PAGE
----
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Brock Initiative

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Winners and Losers – How to turn losers into winners.
By Richard Brock
9 July 2015

A series of fifty short or fairly short conservation films which are really different, and positive. They’re about change and will all be completed by the end of this year, 2015. Twenty five are ready now, including wolves, whales, chimps, white storks, River Thames, squirrels, Dubai, sea turtles, butterflies etc. Being filmed this summer is “PLASTIC PERIL”. A wet-wipes story and a beautiful seabird, the fulmar, also known as “the Flying Dustbin”. It’s been a great winner but now may becoming a loser. Filming locations include Yorkshire, Cornwall (see photos of Richard Brock and Mark Grantham) and the Antarctic. But also less exciting locations!

Richard Brock and bird expert Mark Grantham observing fulmars in Cornwall
Richard Brock and bird expert Mark Grantham observing fulmars in Cornwall

“Just imagine this. You are a wet-wipe (or other small piece of plastic domestic debris). Yes, a wet-wipe – bane of the hidden world of sewage disposal. From your typical domestic habitat – a kitchen or more personal bathroom, you are flushed away down a plumbed pipe (of course from a wet-wipes point of view using the standard wildlife film perspective) into another pipe, this time a living one, and then on to a baby living one. Yes you’ve passed from an ‘innocent’ human home and behaviour into the living insides of two birds many miles away on a sea cliff somewhere, to an adult fulmar petrel and it’s chick. It’s a species with an amazing story which feeds its’ chick by regurgitation (lovely word).

Richard Brock and bird expert Mark Grantham observing fulmars in Cornwall
Richard Brock and bird expert Mark Grantham observing fulmars in Cornwall

It’s not just wet-wipes but condoms, bottle tops, and now ‘micro beads’, micro-plastics in facial scrubs, toothpastes and shaving foams, now entering the food chain from plankton up to seabirds. Some large companies have pledged to remove them from their products. Others, like Unilever, Aldi and Lidl have, as yet, to agree. They will be looked at and reminded of the damage bad publicity can do to their image. Witness the effect Blackfish had, and still has, on the huge SeaWorld company and it’s disaster with killer whales in captivity. And BP’s expensive oil spill via the US courts because of its’ mess in the Gulf of Mexico.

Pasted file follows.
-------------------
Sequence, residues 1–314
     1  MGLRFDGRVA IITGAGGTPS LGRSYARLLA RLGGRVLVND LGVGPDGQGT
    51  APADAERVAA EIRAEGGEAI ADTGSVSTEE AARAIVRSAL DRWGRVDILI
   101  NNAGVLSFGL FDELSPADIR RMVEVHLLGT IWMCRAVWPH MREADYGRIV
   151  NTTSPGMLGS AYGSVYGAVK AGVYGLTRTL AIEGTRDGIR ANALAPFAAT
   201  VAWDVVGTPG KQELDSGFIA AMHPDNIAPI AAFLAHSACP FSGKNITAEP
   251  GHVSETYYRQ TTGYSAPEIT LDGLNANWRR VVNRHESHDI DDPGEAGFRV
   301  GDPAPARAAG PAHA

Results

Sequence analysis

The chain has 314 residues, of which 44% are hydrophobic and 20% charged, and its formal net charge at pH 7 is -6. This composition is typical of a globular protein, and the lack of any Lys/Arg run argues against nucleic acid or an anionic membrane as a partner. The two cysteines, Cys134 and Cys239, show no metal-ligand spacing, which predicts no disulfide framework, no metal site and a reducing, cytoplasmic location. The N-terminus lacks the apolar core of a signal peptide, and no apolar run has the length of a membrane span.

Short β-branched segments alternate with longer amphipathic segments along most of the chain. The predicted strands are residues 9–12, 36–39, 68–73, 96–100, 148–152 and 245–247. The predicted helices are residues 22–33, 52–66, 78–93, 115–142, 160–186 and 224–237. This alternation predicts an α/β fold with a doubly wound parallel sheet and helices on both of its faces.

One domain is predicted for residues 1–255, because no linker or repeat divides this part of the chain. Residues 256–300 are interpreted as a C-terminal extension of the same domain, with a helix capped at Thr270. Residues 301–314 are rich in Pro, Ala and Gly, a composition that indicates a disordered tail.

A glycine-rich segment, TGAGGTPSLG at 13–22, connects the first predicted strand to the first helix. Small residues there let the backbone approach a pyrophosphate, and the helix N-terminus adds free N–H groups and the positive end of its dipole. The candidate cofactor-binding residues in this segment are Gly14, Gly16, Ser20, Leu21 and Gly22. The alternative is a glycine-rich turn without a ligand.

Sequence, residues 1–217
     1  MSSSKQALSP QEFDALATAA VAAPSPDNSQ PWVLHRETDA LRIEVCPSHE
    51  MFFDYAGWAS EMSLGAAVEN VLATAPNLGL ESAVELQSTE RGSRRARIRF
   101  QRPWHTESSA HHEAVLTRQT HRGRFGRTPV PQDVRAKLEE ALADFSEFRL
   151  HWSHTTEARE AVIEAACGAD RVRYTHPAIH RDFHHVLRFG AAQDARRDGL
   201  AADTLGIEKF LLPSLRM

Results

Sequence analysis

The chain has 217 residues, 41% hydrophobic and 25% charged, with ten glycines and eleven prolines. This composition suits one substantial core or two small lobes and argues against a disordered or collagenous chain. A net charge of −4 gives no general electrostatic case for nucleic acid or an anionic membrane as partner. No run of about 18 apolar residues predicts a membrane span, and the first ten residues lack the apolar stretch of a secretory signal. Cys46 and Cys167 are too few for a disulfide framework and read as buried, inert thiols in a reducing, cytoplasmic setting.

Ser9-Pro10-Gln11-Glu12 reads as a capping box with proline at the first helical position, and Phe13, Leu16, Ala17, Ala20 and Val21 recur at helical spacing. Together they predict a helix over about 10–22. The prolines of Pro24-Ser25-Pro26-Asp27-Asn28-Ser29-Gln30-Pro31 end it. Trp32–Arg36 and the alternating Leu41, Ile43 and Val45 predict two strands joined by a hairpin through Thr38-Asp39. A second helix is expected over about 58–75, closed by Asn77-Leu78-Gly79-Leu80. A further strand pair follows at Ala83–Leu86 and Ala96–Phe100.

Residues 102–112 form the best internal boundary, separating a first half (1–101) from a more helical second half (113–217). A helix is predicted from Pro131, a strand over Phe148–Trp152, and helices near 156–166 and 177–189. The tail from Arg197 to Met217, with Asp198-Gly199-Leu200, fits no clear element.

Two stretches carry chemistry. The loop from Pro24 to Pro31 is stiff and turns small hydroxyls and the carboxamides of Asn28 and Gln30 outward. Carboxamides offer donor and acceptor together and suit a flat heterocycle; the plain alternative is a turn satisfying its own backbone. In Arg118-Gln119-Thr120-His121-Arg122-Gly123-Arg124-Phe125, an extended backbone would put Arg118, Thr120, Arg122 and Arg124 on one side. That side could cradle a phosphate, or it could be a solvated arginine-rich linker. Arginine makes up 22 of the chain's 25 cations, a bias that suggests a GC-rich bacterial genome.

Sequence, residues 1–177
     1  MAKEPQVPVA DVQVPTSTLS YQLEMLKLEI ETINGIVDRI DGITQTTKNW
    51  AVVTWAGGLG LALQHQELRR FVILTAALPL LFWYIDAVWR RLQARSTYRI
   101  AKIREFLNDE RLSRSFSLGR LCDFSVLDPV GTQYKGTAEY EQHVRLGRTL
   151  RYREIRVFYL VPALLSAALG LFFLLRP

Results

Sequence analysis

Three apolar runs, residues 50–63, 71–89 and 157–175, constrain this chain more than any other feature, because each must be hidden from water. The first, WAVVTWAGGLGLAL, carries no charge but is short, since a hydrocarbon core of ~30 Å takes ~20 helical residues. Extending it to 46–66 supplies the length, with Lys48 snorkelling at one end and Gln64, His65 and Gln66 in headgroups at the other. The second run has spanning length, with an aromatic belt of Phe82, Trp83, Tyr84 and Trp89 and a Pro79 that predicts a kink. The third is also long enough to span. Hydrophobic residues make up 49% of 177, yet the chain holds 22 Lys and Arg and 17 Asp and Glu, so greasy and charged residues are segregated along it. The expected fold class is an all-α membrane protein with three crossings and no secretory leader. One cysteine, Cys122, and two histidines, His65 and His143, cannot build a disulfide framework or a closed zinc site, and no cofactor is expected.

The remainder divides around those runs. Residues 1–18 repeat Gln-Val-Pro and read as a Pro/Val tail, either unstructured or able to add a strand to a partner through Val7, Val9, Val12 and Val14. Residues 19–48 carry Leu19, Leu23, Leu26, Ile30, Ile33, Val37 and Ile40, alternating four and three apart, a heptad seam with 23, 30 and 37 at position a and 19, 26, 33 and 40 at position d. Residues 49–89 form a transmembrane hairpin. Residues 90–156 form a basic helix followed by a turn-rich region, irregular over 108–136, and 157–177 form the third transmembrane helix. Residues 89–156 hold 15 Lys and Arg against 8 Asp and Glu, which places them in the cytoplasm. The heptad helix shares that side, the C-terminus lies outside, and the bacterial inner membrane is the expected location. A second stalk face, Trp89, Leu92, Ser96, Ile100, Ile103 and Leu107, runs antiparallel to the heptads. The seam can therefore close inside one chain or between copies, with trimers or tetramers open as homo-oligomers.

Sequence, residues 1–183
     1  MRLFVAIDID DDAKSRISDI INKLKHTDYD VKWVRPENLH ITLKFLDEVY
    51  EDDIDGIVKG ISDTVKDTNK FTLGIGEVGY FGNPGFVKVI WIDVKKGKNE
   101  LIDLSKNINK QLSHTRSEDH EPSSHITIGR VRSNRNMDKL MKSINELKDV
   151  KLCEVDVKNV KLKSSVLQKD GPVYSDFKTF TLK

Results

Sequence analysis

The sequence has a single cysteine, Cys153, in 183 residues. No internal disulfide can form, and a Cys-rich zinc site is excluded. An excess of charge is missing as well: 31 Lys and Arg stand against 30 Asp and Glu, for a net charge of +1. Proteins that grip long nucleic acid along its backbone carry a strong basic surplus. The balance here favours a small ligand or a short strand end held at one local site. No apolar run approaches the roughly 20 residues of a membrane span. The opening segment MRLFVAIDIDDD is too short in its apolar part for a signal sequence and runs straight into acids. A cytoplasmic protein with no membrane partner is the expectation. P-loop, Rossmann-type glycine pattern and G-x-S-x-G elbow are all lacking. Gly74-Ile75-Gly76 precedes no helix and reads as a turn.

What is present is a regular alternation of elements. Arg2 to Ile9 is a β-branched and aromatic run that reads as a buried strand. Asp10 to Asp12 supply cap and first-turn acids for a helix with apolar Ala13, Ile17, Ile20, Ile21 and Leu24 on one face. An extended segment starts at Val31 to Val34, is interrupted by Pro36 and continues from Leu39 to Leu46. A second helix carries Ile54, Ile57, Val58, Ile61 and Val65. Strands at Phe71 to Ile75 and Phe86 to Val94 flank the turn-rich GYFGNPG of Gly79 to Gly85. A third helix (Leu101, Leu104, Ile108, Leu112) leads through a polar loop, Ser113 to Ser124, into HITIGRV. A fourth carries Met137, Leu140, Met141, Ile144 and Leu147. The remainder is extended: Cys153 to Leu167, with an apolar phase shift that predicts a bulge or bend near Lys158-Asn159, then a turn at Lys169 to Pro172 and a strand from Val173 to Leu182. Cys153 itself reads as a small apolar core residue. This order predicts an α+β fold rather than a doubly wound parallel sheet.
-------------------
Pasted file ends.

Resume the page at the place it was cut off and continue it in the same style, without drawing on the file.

Richard Brock and bird expert Mark Grantham observing fulmars in Cornwall
Richard Brock and bird expert Mark Grantham observing fulmars in Cornwall

Films, these days, can have great conservation impact in all media and every time another bad corporation suffers, nature wins a little more.

Plastics turn up in seabirds and also on our beaches, and, via the food chain, through fish for example, right back to that kitchen where the wet-wipe began its’ journey of death and destruction. We look at the all-connecting problems of plastics and pollution at sea, not only in Britain, but across the planet’s oceans to the Plastic Pacific and the Antarctic, eventually returning back up those pipes of the fulmar to our own lifestyles, innocent as they may seem.” Richard Brock, founder of the Brock Initiative.

Following Mr Brock - Chasing Fulmars by Kimi Stewart

Richard's films will be released online later this year.

Brock Initiative and Living Planet Productions

Comment below or contact: Richard Brock

Visit: brockinitiative.org & facebook.com/brockinitiative & twitter.com/brockinitiative

Brock Initiative and Living Planet Productions

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